Both proponents and opponents of Obamacare are taking credit for the surge in sign-ups on healthcare.gov in the most recent open enrollment period.

The Trump administration claimed credit for the efficiency and smart decision-making that led to more than 8.8 million sign-ups and counting, while pro-Obamacare groups credited the results with Obamacare's staying power and urged Republicans to abandon efforts to undo the law.

"The Affordable Care Act is working, and people’s lives are improving because of it," said Brad Woodhouse, director of the pro-Obamacare group Protect Our Care. "Despite widespread sabotage by the Trump administration ... these numbers prove that people want and need the affordable, quality health coverage the ACA provides, they rely on it for health and financial peace of mind and any further attempts at sabotage will be met with severe resistance. It’s time for the GOP to abandon efforts to take away people’s healthcare.”

Lori Lodes, who ran Obamacare outreach under the former administration and now works for a group called Get America Covered that helps people enroll, said that the demand "speaks volumes — proving, yet again, the staying power of the marketplaces."

"It is time for Republicans to stop their campaign to sabotage our nation’s health care system, and to work to make high quality, affordable health insurance available to all Americans," said Rep. Frank Pallone of New Jersey, the top Democrat on the House Energy and Commerce Committee. Sen. Ron Wyden of Oregon, the top Democrat on the Finance Committee, brought attention to the numbers on social media.

The figures came out only a day after Congress passed a tax bill that will repeal Obamacare's individual mandate penalties that obligate Americans buy insurance or pay a fine. President Trump has vowed to repeal the law and has called it "dead."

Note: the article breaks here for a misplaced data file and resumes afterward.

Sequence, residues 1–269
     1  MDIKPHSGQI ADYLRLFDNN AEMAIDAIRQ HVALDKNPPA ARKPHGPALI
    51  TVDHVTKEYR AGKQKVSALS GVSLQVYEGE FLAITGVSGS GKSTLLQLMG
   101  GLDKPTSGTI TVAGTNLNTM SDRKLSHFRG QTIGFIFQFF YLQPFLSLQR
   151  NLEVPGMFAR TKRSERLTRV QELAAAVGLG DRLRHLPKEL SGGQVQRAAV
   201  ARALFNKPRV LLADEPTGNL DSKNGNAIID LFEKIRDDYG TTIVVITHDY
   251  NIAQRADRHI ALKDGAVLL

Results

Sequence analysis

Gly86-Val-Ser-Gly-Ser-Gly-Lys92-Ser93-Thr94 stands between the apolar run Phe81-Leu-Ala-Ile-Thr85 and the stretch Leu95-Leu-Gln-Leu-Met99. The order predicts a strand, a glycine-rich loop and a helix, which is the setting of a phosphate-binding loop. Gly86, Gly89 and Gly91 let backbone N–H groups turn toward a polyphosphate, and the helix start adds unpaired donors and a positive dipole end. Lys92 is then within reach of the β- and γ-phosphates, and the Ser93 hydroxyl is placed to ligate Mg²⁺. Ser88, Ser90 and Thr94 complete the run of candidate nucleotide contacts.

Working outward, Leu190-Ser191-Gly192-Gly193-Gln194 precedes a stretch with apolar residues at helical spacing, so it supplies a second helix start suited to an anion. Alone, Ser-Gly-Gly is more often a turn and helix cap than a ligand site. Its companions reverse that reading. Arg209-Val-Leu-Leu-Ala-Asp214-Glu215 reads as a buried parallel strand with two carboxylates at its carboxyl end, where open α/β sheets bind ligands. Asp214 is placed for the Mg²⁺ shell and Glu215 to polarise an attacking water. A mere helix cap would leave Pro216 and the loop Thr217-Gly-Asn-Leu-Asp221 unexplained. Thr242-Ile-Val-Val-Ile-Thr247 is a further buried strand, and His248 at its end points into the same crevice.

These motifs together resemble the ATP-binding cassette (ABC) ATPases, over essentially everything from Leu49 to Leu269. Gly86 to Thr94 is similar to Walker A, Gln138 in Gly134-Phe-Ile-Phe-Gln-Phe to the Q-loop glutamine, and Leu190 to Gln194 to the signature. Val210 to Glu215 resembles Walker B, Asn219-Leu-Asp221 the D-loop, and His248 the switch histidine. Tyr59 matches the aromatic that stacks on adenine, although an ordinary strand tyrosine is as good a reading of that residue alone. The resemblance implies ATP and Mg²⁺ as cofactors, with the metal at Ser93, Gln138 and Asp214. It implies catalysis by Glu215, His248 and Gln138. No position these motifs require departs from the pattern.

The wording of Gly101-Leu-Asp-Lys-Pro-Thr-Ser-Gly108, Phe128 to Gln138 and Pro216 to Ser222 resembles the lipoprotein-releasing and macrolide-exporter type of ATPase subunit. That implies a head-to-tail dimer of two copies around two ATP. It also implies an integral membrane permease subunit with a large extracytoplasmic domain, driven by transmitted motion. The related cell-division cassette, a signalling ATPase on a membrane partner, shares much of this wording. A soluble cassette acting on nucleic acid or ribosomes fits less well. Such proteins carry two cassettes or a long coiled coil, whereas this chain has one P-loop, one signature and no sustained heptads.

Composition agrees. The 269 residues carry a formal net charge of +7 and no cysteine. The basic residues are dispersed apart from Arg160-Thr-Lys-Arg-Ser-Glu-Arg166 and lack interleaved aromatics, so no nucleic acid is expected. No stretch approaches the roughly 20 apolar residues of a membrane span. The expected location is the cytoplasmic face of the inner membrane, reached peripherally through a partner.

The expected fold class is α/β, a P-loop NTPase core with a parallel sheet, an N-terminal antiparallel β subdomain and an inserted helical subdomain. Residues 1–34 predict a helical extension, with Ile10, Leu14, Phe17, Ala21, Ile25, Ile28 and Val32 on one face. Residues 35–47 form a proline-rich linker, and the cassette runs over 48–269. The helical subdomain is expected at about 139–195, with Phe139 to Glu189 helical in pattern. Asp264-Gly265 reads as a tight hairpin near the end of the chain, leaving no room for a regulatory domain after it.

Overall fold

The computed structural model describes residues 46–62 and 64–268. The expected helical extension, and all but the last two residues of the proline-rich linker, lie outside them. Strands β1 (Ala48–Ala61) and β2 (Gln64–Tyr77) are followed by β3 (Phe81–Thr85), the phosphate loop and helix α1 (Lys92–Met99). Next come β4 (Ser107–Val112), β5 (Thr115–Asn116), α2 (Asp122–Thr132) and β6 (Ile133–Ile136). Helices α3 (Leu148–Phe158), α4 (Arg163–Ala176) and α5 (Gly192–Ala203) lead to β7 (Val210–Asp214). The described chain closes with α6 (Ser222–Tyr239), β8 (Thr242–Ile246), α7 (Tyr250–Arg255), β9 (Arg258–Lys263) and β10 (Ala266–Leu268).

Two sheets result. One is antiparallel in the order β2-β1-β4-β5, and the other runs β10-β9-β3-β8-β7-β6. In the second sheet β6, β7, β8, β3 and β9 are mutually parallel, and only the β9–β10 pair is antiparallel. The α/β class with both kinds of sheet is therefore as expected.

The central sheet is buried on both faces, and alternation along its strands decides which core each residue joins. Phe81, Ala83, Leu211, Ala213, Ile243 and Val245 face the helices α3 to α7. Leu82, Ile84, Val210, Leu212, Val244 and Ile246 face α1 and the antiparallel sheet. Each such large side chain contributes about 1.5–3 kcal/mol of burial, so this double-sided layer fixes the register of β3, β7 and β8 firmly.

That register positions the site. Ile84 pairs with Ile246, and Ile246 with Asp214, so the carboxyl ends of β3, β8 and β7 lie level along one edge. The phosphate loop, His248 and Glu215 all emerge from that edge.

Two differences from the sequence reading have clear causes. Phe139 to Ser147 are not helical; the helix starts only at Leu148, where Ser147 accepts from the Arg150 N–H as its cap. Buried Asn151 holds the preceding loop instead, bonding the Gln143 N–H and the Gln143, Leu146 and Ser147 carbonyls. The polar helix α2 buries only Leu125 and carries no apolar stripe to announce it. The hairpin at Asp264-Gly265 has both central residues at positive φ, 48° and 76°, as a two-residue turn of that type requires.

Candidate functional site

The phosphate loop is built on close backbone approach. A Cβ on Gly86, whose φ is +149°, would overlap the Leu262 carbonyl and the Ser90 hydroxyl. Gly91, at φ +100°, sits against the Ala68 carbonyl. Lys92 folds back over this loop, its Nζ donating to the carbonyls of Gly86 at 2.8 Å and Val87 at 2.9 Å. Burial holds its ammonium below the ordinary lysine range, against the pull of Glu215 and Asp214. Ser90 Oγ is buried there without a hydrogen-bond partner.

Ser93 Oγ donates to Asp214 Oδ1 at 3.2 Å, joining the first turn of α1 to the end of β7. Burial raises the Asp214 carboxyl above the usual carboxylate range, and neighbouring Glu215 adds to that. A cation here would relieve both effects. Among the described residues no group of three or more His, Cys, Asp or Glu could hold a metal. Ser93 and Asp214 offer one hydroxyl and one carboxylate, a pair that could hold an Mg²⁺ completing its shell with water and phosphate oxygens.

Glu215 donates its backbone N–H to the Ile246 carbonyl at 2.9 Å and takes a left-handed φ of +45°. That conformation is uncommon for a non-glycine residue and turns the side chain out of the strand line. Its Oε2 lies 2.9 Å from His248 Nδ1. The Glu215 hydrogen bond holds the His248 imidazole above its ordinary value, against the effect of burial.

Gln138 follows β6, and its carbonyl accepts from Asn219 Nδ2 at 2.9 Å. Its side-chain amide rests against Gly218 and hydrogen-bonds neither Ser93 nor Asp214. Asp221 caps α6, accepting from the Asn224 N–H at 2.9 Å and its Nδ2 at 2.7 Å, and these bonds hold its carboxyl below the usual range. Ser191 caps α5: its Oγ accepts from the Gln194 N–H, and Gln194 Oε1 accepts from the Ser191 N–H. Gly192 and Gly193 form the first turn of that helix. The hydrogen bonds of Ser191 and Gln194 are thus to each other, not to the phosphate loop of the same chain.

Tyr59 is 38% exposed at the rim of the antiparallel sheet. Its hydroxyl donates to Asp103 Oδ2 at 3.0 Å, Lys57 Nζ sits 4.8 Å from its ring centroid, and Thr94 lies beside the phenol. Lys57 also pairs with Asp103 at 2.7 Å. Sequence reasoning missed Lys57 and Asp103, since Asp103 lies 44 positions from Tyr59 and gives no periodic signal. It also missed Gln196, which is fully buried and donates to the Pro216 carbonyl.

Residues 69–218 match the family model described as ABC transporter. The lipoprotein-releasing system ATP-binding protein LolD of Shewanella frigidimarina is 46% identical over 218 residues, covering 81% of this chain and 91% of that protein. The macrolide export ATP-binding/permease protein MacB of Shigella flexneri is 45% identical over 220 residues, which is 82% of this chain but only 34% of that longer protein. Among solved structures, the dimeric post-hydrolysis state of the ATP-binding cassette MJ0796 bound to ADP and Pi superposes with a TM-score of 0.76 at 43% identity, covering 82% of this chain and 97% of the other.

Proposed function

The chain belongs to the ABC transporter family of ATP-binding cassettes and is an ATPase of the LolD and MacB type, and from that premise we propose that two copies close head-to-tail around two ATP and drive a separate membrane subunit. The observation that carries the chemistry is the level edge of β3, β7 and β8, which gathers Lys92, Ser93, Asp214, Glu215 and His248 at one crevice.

The enrollment numbers surprised may different observers of the law who had expected a significantly lower turnout compared to where it was under the Obama administration. The Trump administration had cut the enrollment period in half, from 90 to 45 days, and had slashed funding on advertising and outreach.

While Trump continues to make it clear he opposes the law, Seema Verma, administrator for the Centers for Medicare and Medicaid Services, framed the outcome as the result of her agency's efficient use of government funding and as a sign of how staffers had created a strong, well-run website. She added that during the early years of Obamacare, the site was plagued by "website failures that were commonplace."

CMS sent a release noting that healthcare.gov had targeted customers through digital advertising and through email reminders, connecting customers with brokers and agents. In total, the agency spent $10 million on marketing and outreach, compared to $100 million last year under former President Barack Obama.

“Our goal from the beginning was to empower patients across the healthcare delivery system and make sure that Americans who chose to enroll in the exchanges had a good customer experience while making enrollment more cost efficient, and the results show that we accomplished our goal,” Verma said in a statement.